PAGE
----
In illuminating these two points, I would like to not simply say that this is all there is to say about violence against women in the context of militarisms, but to extend an invitation to all of us to think deeply on the multiple sites in which military violence against women is systemic, institutionalized, and normalized. And that working towards unpacking such complexities necessitates the need to understand such complexities in their multiple locations, both historically and in real embodied experiences.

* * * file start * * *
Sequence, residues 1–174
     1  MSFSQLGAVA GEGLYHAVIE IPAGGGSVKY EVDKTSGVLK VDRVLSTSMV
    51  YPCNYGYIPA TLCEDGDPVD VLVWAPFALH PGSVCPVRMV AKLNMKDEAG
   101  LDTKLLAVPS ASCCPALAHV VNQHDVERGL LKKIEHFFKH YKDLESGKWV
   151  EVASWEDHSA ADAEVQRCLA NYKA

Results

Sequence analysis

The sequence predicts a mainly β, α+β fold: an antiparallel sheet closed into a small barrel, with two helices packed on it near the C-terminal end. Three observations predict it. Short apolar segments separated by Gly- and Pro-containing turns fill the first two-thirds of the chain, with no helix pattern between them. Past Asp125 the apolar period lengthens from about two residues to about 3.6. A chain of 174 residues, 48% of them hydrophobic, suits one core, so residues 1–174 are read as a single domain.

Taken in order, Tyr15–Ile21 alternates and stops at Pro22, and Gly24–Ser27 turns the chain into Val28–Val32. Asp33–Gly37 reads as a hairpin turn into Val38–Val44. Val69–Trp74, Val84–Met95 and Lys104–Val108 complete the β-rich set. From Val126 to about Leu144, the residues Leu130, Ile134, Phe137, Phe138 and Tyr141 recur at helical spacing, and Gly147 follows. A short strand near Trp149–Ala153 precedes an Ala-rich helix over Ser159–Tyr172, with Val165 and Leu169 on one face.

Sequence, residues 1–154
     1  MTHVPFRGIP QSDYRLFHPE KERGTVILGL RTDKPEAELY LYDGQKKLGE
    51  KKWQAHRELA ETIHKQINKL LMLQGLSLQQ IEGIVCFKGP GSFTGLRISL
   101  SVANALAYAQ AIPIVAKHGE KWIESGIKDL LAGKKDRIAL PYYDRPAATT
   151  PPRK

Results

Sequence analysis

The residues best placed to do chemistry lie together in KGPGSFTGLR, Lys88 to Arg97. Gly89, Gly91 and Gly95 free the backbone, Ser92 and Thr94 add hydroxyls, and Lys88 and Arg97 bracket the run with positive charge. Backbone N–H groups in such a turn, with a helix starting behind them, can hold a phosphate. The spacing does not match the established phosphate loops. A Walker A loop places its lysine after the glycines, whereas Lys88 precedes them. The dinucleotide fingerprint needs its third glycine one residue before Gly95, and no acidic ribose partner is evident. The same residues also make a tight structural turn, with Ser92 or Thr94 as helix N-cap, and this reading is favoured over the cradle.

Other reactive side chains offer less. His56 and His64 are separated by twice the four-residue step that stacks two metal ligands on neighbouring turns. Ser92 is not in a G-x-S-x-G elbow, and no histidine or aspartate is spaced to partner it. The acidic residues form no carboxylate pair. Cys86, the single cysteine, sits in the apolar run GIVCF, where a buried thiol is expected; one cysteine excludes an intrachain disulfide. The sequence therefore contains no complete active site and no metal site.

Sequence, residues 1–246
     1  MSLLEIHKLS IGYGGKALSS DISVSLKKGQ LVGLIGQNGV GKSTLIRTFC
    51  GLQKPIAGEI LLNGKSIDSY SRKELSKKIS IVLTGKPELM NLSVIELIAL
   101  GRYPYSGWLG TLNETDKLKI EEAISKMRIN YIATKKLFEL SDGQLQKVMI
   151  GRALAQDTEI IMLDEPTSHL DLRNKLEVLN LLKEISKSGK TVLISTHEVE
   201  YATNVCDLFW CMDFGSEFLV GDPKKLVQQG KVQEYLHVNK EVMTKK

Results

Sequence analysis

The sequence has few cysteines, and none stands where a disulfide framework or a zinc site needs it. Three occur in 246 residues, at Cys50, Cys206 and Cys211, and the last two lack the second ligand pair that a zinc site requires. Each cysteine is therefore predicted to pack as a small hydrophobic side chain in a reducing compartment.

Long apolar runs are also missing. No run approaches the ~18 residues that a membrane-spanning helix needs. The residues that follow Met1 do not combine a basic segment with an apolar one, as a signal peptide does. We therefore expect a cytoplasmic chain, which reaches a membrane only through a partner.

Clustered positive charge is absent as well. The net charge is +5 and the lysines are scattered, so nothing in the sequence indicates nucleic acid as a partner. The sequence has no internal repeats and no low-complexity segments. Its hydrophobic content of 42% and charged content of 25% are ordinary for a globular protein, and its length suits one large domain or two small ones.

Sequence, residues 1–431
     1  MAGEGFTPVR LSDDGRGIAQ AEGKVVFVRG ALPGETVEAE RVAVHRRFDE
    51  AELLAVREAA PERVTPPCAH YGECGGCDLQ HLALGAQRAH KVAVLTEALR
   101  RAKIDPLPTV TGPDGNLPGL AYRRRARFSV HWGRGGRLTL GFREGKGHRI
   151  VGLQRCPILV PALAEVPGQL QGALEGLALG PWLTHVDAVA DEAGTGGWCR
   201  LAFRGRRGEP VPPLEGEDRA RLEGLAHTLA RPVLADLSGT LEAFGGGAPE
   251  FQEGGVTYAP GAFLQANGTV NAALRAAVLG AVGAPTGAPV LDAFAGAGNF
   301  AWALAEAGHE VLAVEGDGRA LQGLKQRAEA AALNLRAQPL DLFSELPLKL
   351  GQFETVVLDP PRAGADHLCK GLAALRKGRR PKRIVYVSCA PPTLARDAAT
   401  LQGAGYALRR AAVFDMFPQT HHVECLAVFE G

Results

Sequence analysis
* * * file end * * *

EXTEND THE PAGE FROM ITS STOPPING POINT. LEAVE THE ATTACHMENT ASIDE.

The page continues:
For example, in 2004 Korea passed its prostitution laws that organizations such as the Center for Women’s Human Rights had hoped would change perceptions of women in prostitution to that as “victims” rather then criminals, and in 2005, Bush signed, the Department of Defense memoranda and Executive Order 13387 which made patronizing prostitution as leading to “dishonorable discharge.” Organizations such as durebang still deal with the continued influx of women from South East Asia, the Philippines, and Europe into military camptowns. And in the Yong-San District Korean police found 1,093 foreign women, from the Philippines and Russia, to work as entertainers near the U.S. military camp. However, it is difficult to count the number of bodies of those trafficked due to the underground networks they function.